Raspberry Pi 2 Setup

Here is a quick guide to setting up a Raspberry pi 2 (OS, Wifi etc) using a pre loaded NOOBS Raspian OS on a Micro SD card.

I ordered the Raspberry Pi 2 Model B WiFi Pack from Wiltronics.

      This Raspberry Pi 2 Model B WiFi Pack includes a Raspberry Pi 2 Model B computer, durable clear case, a power adaptor, a USB WiFi antenna, an HDMI cable and an 8GB micro SD Card with NOOBS OS loaded.


Plug in a keyboard, mouse, wifi, HDMI and power and you are good to go.

I had to check my old guides to refresh myself:

1. Select Raspian and press enter

2. Press Y

3. Wait for the install to complete.



4. The Pi will ask to reboot (this is what it looks like)

5. The first program that will run is the Raspberry Pi Configuration.

6. I tried to expand the file systems but my card was already expanded.

7. I followed the prompts to change the device password




8. I reviewed the Internationalisation Options

9. Change Locale.

10. tip use space to deselect UK and select em_AD.UTF-8 UTF-8.

11. em_AD.UTF-8 UTF-8

12. Select Australia.

13. Select Sydney

14, Under Advanced change the Hostname (computer name)

15. I entered “sipi02”.

16. I selected Enable SSH (remote login)

17. Select Finish and Yes to reboot.


18. After the raspberry Pi rebooted I could login with the user name “pi” and my new password

19. If you are new to Linux and are not sure of any Terminal commands (like DOS commands) check out this Linux Commands Cheat sheet from http://linoxide.com/linux-command/linux-commands-cheat-sheet/

Linux Commands Cheat Sheet
Linux Commands Cheat Sheet

Booting up the GUI desktop.

20. GUI Desktop

You can type “Startx” to start the Raspian Desktop.

21. Desktop

The Pi Desktop is easy to use and navigate.







22. Internet Check

I plugged in in a spare USB TP-Link TL-WN821N wireless adapter, followed the wireless setup and verified I had a network connection by typing the following commands.

ping www.google.com


I did indeed have an internet connection.

23. Update/Upgrade

I dropped back out of X and ran the following commands to update the Pi’s firmware and software.

sudo apt-get update
sudo apt-get upgrade
sudo reboot

Then after reboot.

sudo rpi-update
sudo reboot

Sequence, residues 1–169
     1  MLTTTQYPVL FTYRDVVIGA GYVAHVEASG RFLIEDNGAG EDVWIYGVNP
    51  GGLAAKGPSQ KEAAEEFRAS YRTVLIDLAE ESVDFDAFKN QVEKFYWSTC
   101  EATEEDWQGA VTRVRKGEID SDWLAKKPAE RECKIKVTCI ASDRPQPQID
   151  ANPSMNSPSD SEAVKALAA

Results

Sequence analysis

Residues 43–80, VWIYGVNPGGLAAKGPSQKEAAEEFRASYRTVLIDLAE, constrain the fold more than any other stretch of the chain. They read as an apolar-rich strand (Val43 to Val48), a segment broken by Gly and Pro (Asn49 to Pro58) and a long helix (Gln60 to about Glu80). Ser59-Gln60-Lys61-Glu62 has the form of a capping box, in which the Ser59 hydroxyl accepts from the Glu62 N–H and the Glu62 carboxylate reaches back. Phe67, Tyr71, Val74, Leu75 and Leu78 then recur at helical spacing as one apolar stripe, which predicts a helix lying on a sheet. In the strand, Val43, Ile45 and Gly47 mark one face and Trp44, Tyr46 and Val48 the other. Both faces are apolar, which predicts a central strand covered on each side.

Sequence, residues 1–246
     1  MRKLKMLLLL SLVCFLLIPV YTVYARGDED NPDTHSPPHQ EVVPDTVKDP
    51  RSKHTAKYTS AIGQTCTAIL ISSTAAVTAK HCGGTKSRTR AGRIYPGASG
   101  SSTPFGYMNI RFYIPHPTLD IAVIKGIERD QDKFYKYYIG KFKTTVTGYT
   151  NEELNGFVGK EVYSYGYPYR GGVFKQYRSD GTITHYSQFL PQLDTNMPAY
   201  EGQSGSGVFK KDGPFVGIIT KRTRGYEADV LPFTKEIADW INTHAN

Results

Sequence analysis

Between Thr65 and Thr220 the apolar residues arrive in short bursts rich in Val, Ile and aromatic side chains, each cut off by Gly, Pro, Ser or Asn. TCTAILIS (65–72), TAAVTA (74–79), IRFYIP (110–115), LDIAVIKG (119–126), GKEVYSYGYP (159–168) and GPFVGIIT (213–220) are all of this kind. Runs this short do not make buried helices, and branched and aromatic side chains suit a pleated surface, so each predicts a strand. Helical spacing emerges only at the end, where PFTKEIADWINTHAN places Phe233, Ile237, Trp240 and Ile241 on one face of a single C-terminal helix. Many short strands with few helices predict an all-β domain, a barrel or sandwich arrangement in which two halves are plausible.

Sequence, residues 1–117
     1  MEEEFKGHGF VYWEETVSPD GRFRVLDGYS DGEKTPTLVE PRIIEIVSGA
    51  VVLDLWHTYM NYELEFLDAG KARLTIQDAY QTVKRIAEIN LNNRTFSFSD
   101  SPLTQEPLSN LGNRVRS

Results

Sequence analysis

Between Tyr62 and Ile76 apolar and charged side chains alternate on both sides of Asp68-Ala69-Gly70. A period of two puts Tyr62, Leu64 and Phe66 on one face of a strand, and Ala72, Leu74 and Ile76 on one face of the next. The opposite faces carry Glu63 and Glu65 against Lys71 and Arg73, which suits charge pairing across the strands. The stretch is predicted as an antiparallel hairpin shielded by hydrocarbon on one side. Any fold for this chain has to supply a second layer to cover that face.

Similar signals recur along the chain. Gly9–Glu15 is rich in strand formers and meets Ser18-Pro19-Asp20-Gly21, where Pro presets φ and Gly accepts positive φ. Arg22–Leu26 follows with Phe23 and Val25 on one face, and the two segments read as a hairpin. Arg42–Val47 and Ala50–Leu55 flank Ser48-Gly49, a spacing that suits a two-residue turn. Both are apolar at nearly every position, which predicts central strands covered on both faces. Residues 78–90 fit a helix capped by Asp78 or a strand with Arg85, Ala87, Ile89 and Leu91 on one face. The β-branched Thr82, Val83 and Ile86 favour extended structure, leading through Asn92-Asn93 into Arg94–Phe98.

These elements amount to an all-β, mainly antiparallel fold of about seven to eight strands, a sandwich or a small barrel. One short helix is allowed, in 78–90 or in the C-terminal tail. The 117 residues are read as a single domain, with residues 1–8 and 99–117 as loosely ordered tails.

This took a while to download and install 130MB of data.

24. FTP Server

I setup an FTP server.

25. I2C Tools

Installed i2c-tools and configuring it. Troubleshooting here.

Added the following to “/boot/config.txt”


sudo apt-get install python-smbus
sudo apt-get install i2c-tools

26. Installed Python2 GPIO

sudo apt-get install python3-rpi.gpio

27. MoPI (Dual Power supply board)

Setup my MoPi

sudo apt-get install simbamond

FAQ’s here, here and here.

I did things a bit out of order and I think I needed to power up the MoPi/Pi from batteries (and no mains power) for 2iC to detect. But all is god, I can power up and shutdown my Pi from 6xAA batteries.



28. Install Python Camera module

sudo apt-get install python3-picamera

29. Python

Installed Python PIP

sudo apt-get install python3-pip

30. Monit System Monitoring

Installed Monit System Monitoring Web server to keep and eye on the MoPi from a web server (config here)

sudo apt-get install monit

More info here https://www.the-hawkes.de/monitor-your-raspberrypi-with-monit.html

31. Temperature Sensors

Add temperature sensing service to Monit (guide here)

sudo apt-get install lm-sensors

32. NGINX Web Server, PHP and Perl

Ok, now I am going to install a web server (NGINX, PHP and Perl) using this guide http://youtu.be/I_2yGGPus90

sudo -i
apt-get update
apt-get install nginx php5-fpm php5-cgi php5-cli php5-common libfcgi-perl

33. Python and raspberry Pi GPIO Pin Library

sudo apt-get install python-dev
sudo apt-get install python-pip
sudo pip install RPi.GPIO

33. Witty Pi – Realtime Clock and Power on/off scheduling board. Good review here.